As for driving that demographic to discover and download the app, Volkswagen is banking on PR, viral pass-along and some paid search for consumers looking for iPhone apps and information on the GTI.

Coming at a time when advertisers and agencies are trying to figure out how to get their apps to get noticed -- and downloaded -- amid the more than 65,000 in the App Store, the question arises: Will viral be enough for the GTI app? The game includes built-in functionality for players to send messages via Twitter and upload game play-videos to YouTube. Digital experts such as Mr. Nihal, who founded text-messaging company Ipsh and sold it to Omnicom Group in 2005, thinks these vehicles will prove more effective than paid media.

"Viral tactics work because media buys aren't that compelling anymore," he said. "You can get clicks, but even if an app is free, people don't want to download it. They really have to be invested or told by a friend." He especially thinks the competition and incentive to play and beat other players will work to make the app popular.

Small Society's Mr. Zachary agreed, especially since the game has incentive beyond entertainment: a chance to win a new car. For consumers, more game play means more chances to win one of the six limited-edition 2010 GTI's that the Herndon, Virginia-based automaker is giving away as part of the launch. Beyond the competition, the fact that the mobile-only car launch is a first is a big draw for press, too.

'PR value'
"It's not a gamble in this case," he said. "VW is the first to do this and that's PR value. If this had been the third car giveaway through an app, maybe not. Because this is novel, [VW is] going to generate considerably more press and that will drive downloads."

Press hits aside, pitting app user against app user in competition will also translate to downloads, said Mr. Mehta, citing the popular mobile social networking service FourSquare, where users compete to be the mayor of local bars and restaurants, as a prime example. "I don't know if a press event is going to do anything, but building in those viral elements of inviting friends having multiplayer games is a good long-term strategy. People like to compete," Mr. Mehta said.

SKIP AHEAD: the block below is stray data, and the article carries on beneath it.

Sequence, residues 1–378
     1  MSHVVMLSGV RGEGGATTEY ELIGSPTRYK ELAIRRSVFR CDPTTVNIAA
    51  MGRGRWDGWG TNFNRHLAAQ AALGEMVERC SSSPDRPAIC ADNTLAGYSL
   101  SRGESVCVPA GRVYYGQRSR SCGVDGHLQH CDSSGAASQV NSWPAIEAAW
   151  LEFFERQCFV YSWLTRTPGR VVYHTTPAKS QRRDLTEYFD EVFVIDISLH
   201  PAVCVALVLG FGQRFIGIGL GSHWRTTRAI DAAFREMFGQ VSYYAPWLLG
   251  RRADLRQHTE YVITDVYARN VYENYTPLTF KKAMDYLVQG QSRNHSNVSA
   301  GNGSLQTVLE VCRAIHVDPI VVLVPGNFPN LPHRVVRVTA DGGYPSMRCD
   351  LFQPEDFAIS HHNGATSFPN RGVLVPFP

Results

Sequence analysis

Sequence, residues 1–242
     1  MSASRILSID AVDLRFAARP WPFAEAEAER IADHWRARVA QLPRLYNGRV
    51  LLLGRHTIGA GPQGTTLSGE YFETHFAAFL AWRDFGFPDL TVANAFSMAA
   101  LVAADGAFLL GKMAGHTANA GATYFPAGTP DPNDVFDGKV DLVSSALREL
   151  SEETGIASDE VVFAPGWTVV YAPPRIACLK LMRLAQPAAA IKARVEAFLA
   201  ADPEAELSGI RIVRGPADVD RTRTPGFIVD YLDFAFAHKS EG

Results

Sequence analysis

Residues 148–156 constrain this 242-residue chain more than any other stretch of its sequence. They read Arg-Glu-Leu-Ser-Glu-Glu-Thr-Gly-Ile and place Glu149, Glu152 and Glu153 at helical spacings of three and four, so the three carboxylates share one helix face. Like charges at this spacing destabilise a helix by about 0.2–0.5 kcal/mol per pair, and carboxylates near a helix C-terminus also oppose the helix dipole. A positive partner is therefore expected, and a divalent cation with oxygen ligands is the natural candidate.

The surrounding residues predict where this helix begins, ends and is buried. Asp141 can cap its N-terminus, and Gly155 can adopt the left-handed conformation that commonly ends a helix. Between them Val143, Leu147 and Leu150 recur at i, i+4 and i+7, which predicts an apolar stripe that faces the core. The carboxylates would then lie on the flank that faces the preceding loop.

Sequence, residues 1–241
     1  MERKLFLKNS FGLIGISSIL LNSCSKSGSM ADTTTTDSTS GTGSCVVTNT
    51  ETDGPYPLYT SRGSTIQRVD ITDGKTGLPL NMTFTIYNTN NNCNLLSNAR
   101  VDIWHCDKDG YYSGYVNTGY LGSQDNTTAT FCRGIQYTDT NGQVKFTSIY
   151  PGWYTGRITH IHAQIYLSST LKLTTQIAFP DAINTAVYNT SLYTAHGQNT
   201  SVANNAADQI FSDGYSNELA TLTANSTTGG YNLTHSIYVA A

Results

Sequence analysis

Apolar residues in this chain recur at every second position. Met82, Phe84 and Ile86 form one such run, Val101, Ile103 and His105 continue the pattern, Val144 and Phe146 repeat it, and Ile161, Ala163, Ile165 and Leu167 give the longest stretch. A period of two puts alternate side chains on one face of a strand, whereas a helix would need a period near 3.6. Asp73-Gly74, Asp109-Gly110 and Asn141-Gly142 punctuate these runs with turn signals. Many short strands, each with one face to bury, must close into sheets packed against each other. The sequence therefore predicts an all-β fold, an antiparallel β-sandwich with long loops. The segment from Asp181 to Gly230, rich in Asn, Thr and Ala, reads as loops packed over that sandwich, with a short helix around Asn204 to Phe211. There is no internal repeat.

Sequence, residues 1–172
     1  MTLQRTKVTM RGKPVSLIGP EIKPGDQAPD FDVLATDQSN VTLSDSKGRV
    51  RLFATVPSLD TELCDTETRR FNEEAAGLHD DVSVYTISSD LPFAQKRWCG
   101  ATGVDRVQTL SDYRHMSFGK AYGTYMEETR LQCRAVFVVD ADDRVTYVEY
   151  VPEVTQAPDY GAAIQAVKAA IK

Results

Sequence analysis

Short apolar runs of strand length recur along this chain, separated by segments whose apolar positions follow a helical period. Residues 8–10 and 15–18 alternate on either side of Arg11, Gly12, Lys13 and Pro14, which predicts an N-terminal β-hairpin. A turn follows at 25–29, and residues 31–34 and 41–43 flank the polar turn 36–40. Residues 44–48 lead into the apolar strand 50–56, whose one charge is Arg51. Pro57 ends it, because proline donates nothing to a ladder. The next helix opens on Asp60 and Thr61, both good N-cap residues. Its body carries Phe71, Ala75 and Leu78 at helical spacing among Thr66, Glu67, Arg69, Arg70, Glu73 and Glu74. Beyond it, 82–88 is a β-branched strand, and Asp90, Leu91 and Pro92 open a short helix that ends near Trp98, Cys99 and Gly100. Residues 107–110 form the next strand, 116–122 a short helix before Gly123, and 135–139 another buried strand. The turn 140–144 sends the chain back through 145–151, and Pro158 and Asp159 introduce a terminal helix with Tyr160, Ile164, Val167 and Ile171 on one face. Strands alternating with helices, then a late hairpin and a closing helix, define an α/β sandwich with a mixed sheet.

VW's launch push for the GTI in 2006 from Crispin, Porter & Bogusky, Miami, featured a dark, gremlin-like character called "Fast" who in TV spots and online urged male GTI drivers to drive faster. The other work, themed "Unpimp Mien Auto," played on VW's heritage with "Helga," a sexy, labcoat-wearing engineer with a German accent aimed at conveying to tuners of Asian cars that the GTI has built-in Deutschland engineering. Online versions with Helga and her sidekick, Wolfgang, were wildly popular and won Crispin Porter the top cyber award at Cannes that year.

But there were insiders at VW who were concerned that the company was spending too heavily on the niche GTI model while ignoring the best-selling Jetta. Auto pundits criticized VW for having too many different messages for different models instead of an umbrella approach.

VW sold 5,558 GTI's in the first nine months of the year, 57% fewer than the same period a year ago, while its Jetta sales jumped by 7% to 81,161 cars, according to Automotive News.